There’s nothing wrong with labeling GMO food, any more than there’s something wrong with putting food labels on food so people with allergies can watch out for peanuts, high fructose corn syrup, gluten or whatever else their body can’t handle.

    Companies for some reason fight very hard against common-sense labeling issues, such as ingredients. For chemicals it would be more helpful to have complete labeling for those horrible times when someone has a reaction, but so far, most chemicals are not required to be labeled.

    Food should always be labeled what is in it, unless it’s like bake-sales and stuff where you can just ask the person who made it.

  17. HEALTHY
    February 15, 2012 at 3:49 pm

    Monsanto needs thugs to infiltrate grassroot efforts promoting education. Guess that’s why they bought Blackwater.

  18. February 15, 2012 at 6:09 pm

    “PC paranoia”? Are there ethnic slurs in your food, HiFi?
    And I suppose that David Hayne’s condescending, preachy horse shit was inevitable in thread about corporate-produced food.

  19. Cropduster
    February 15, 2012 at 7:22 pm

    Advances in food production. Advances in health care. Advances in sanitation. What’s next? Higher birth rates and higher life expectancy? Damn it all.

  20. February 15, 2012 at 7:54 pm

    Once again Skippy steps up with common sense and clarity.

  21. Labtech
    February 15, 2012 at 8:05 pm

    You do know that corn is a genetically modified crop as is cassava, bananas, cowpeas, golden rice and cotton– to name just a few.

    Which ten million people were you planning on starving to death first?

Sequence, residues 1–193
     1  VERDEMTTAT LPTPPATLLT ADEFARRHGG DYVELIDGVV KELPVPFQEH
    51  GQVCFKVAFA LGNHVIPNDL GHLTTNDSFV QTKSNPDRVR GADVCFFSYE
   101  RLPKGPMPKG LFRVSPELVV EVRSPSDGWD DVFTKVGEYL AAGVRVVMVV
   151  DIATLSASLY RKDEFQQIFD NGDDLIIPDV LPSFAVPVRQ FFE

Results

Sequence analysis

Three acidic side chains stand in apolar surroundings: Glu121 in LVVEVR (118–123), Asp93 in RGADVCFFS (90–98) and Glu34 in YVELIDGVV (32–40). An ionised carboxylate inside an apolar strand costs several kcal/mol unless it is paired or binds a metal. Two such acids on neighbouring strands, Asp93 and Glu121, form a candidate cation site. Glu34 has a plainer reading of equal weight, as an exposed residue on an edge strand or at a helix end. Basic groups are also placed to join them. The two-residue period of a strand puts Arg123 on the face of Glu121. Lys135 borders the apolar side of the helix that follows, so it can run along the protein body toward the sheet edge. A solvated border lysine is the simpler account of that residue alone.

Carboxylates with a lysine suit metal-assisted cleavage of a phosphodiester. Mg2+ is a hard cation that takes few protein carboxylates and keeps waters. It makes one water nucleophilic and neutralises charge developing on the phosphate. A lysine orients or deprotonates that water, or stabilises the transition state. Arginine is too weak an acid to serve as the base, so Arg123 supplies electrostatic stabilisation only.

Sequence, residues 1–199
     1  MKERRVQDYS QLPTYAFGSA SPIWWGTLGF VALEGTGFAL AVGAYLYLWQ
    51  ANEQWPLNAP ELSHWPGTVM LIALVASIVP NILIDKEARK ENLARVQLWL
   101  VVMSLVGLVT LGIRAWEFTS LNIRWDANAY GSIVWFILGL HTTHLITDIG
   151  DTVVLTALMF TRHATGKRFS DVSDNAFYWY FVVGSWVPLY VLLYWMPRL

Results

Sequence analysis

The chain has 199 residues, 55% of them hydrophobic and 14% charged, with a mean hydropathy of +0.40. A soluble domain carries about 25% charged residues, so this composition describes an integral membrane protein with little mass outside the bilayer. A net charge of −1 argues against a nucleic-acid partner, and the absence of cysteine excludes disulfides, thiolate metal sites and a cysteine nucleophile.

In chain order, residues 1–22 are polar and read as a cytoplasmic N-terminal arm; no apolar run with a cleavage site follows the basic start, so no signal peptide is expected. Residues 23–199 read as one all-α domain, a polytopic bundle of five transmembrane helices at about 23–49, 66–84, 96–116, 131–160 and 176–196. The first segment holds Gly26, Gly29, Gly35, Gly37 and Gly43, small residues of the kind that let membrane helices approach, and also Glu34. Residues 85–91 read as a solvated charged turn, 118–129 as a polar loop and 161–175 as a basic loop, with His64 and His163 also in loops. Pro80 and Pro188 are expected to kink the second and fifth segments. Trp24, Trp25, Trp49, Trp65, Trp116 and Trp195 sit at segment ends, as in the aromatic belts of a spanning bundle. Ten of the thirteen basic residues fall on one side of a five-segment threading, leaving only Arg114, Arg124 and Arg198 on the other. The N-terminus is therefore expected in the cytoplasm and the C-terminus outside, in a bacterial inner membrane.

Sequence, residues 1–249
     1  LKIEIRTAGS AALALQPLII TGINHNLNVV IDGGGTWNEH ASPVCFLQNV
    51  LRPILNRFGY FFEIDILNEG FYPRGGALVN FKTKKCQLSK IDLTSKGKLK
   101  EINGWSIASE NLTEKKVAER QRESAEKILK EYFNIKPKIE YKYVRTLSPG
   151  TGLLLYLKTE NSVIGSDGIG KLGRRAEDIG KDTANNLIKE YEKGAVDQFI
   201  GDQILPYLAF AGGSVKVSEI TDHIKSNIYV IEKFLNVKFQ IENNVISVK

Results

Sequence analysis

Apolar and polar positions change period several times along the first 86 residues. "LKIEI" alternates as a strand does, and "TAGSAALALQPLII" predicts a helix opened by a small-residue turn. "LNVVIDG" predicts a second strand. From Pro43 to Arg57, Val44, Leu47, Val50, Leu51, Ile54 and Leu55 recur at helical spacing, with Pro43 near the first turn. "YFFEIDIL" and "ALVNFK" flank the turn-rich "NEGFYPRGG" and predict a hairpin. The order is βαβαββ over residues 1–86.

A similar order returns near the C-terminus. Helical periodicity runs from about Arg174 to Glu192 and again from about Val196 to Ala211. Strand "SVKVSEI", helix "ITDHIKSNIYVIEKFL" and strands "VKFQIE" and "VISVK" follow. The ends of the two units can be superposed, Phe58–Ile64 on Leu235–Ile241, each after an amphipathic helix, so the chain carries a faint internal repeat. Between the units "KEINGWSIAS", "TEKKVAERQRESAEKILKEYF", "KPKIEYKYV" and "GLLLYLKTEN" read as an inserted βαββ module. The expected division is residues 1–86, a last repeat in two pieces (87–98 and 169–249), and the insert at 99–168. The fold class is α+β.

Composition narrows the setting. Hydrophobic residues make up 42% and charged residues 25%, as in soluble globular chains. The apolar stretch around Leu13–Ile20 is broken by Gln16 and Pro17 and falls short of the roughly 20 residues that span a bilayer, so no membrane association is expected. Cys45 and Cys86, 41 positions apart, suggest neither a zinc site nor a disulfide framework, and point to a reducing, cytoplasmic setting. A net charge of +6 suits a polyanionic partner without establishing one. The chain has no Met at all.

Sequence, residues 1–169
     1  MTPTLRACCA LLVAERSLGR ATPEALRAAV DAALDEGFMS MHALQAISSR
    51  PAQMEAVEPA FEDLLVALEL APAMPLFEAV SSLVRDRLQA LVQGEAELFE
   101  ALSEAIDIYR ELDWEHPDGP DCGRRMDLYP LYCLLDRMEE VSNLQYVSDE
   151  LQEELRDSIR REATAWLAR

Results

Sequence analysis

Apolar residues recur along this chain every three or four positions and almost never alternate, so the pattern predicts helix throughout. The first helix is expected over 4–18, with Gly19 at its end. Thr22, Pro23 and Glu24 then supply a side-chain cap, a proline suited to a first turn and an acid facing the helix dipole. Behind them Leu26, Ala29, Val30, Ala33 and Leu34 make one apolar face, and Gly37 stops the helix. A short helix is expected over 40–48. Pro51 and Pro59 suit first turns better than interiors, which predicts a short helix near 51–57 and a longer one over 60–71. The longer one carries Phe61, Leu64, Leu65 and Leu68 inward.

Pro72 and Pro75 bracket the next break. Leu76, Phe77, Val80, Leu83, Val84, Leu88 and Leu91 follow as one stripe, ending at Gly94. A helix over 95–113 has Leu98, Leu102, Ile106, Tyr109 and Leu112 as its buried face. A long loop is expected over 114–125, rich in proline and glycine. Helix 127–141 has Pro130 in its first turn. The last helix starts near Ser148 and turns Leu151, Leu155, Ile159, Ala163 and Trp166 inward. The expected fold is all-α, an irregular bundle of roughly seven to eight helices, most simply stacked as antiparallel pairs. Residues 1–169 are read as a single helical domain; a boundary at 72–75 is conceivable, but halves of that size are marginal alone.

22. February 15, 2012 at 8:15 pm

    I haven’t tried cotton yet, Labtech, but you shouldn’t assume that everyone else ives on your banana/corn/cowpea/rice casserole.

  23. February 15, 2012 at 8:29 pm

    Don’t ever buy another strawberry from any market. They are all genetically modified if they are in the market! And then go through the a whole list of organic eatables. Labtech is correct.

  24. Matt
    February 15, 2012 at 9:28 pm

    “You do know that corn is a genetically modified crop as is cassava, bananas, cowpeas, golden rice and cotton– to name just a few.

    Which ten million people were you planning on starving to death first?”

    Why would someone starve to death if the GMO product was labelled?

  25. Labtech
    February 15, 2012 at 9:32 pm

    Joel M. only asks that you give up cotton clothing, corn, strawberries, golden rice, apples, wheat, sorgum, bananas, farmed fish and domesticated meat products.

    And save Richardson Grove.

  26. tra
    February 15, 2012 at 9:58 pm

    GMOs have only been around for a couple of decades, and only in widespread use for the past 10 years or so. Yet somehow we managed to raise crops for thousands of years without this technology.

    I haven’t noticed that a whole lot of Europeans and Japanese folks are starving all of the sudden, despite bans and labeling laws on GMOs.